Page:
ExecuTrek: Windsor-Chatham employers and educators get hands-on experience with Army Reservists
Article / April 12, 2019 / Project number: 19-0101
By Sub-Lieutenant Andrew McLaughlin, Public Affairs Officer, 31 Canadian Brigade Group
Meaford, Ontario – When an Army Reservist asks for time away from work, or for an extension on an assignment at their university or college, many times their supervisors or teachers are not sure why it is so important to support such requests.
It is very important to do so because Reservists are part-time soldiers who need time for training and must be ready to respond to events in Canada and sometimes abroad – but they also have regular jobs or educations to pursue.
It is critical that Reservists be combat-ready, here in Canada especially, where disasters such as floods or forest fires can strike without warning. To ensure they are available when needed, their employers and educators need to be fully informed.
That is where the Canadian Forces Liaison Council (CFLC)’s ExecuTrek Program comes in. The CFLC is a volunteer group of Canada-wide civilian business and educational leaders who promote the benefits of Reserve Force training and experience to civilians in the workplace.
The Council also supports individual reservists, as well as reserve units, in matters related to employer support.
ExecuTrek gives educators, employers, supervisors and human resources professionals a first-hand view of the quality of military training and the benefits that their organizations can gain from that training – trade skills, general work and management skills, values, work ethics and much more.
The goal is that, once an employer or teacher sees their employee or student at work in the Reserves, they may be more willing to give that person military leave without consequences to their civilian job or study.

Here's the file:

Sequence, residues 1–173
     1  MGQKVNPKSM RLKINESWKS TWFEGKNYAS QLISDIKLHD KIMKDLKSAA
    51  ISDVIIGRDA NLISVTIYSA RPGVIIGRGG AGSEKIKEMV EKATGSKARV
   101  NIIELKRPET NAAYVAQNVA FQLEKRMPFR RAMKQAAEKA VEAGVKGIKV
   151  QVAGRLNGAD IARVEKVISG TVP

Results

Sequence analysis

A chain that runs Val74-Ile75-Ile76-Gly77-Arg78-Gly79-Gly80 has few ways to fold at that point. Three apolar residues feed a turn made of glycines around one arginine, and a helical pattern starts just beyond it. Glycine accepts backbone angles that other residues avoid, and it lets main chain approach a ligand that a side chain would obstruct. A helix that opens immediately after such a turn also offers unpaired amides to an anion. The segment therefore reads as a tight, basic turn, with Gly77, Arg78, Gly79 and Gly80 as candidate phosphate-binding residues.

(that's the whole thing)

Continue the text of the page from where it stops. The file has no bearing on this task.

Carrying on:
From March 22 to 24, 2019, over a dozen community members from the Windsor-Chatham area were shown what their students and employees do when they ask for time off to serve Canada. The Essex and Kent Scottish (E&K Scots) took community members along for the weekend when they deployed to the 4th Canadian Division Training Centre in Meaford, Ontario.
The training centre is located in Grey County, Ontario approximately 25 kilometres east of Owen Sound on a peninsula extending into Georgian Bay. It serves as a year-round training base for Reserve and Regular Force soldiers.
Exercise SCOTTISH DEFENDER was a collective training exercise aimed at sustaining combat-capable units within the 4th Canadian Division (Ontario), and ensuring operational readiness in preparation for future operations. It was also aimed at introducing a select group of local leaders from the area to the Army Reserve through ExecuTrek.
The exercise included live-fire weapons ranges using service rifles, machine guns and rocket launchers, and showcasing the types of activities that Army Reservists take part in while away from their regular jobs or studies.
Many of the soldiers’ employers and representatives from their educational institutions got hands-on with equipment – and face-to-face with the soldiers – while taking part in several activities including firing weapons, eating military rations and braving the environmental conditions of a weekend exercise.
One participant said she enjoyed the opportunity to interact with the troops, whom she said were “very well-trained, very well-spoken, very respectful, and very interesting people. I think it’s important for the community to see what Reservists actually do.”
The value of such a program was not lost on the Army leadership either. Colonel Chris Poole, Commander of 31 Canadian Brigade Group said that the exercise “not only demonstrated our ability to field capable and qualified infantry soldiers from the Windsor-Chatham area, but also helped us engage with key leaders from the area that the unit serves.”
“Programs like ExecuTrek are critical to building and maintaining strong relationships between our units across Southwestern Ontario and the communities they serve,” he added.